There are many methods of birth control. Each method has good points as well as side effects. Birth control allows a woman to plan her family - both the number and spacing of children.
The birth control pill, injections, vaginal ring, skin patch, intrauterine device (IUD), diaphragm, Lea's Shield, and cervical cap require a prescription. Condoms and spermicides do not.
More than one method may be used at the same time. For instance, a barrier method may be used with any other method.
Barrier methods include spermicides, condoms (male and female), the diaphragm, the cervical cap, and Lea's Shield.
Barrier methods are effective when used the correct way every time you have sex. Even one act of sex without birth control can result in pregnancy.
The IUD is a small, plastic device that is inserted and left inside the uterus to prevent pregnancy. Although there have been several types of IUDs, currently only two are available in the United States: the hormonal IUD and the copper IUD.
Natural family planning used to be called the rhythm method or "safe period." It also is called periodic abstinence or, more recently, fertility awareness. It isn't a single method but a variety of methods.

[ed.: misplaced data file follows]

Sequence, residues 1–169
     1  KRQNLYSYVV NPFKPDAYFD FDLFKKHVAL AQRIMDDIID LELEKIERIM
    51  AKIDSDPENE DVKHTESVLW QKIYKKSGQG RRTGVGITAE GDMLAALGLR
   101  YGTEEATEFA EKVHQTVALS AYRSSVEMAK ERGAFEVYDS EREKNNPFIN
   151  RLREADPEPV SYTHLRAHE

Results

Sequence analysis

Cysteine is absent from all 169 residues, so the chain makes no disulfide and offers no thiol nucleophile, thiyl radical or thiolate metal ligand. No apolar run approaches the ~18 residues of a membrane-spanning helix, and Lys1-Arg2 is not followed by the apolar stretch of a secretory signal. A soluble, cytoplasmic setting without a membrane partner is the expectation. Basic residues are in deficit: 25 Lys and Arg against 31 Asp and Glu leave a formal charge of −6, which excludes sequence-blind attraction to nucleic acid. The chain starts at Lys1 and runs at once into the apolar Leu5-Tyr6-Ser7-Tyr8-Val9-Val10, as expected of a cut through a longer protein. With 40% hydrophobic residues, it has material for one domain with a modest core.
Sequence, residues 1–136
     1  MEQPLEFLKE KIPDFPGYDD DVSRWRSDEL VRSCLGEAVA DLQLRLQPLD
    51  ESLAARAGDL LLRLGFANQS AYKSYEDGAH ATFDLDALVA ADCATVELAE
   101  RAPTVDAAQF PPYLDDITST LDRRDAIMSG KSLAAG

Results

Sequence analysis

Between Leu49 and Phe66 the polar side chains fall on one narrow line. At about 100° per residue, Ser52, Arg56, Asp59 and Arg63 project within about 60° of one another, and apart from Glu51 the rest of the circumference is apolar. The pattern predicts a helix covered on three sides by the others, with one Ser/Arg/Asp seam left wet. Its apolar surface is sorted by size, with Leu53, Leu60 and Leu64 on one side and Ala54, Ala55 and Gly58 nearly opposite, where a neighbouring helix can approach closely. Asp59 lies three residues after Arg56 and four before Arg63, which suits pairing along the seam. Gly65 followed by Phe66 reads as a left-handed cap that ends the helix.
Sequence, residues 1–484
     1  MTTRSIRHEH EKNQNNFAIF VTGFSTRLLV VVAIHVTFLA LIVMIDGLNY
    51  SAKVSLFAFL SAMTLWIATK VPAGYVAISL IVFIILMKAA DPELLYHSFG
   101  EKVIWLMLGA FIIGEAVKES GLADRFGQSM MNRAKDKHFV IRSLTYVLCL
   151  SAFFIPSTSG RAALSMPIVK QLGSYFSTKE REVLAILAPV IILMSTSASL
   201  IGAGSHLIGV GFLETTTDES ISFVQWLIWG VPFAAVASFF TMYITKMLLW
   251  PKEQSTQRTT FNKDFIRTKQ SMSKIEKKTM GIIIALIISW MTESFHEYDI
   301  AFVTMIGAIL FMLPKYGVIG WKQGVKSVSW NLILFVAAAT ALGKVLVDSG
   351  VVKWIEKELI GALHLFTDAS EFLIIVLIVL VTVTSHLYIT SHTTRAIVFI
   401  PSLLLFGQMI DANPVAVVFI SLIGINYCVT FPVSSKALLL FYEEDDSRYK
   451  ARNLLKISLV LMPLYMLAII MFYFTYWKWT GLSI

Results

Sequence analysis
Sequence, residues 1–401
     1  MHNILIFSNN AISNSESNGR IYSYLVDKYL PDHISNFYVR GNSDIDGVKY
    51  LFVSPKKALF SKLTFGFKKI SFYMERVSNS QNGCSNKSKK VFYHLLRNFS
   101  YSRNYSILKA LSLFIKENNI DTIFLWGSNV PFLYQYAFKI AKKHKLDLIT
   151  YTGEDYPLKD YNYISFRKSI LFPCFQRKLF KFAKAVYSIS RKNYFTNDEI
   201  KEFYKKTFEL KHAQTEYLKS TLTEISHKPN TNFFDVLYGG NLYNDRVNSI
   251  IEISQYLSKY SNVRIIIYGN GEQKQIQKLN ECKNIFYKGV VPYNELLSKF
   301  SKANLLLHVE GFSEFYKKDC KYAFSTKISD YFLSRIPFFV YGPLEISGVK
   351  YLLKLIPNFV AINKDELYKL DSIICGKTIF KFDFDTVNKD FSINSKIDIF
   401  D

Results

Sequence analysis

The withdrawal method prevents pregnancy by not allowing sperm to be released in the woman's vagina. This requires the man to take his penis out of the woman before he ejaculates. Drawbacks are that sperm can be present in the fluid produced by the penis before ejaculation and some men fail to withdraw completely or in time.
Women who want a permanent method of birth control now have an option that does not involve surgery. With this method, a tiny springlike device is inserted through the vagina into each fallopian tube. This device causes scar tissue to build up in the tubes. This build-up blocks the fallopian tubes and prevents the sperm from reaching the egg. It takes three months for the scar tissue to grow, so women should use another method of birth control during this period. This device can be inserted in a doctor's office.
At any given time, a couple may find one method of birth control suits their needs better than others. Most women and couples use many methods over their lifetime.
All methods have a chance of failure. When a method is used correctly each time, the failure rates are lower. Choose a method you will be able to use on a regular basis. If your method fails, you may want to consider emergency contraception.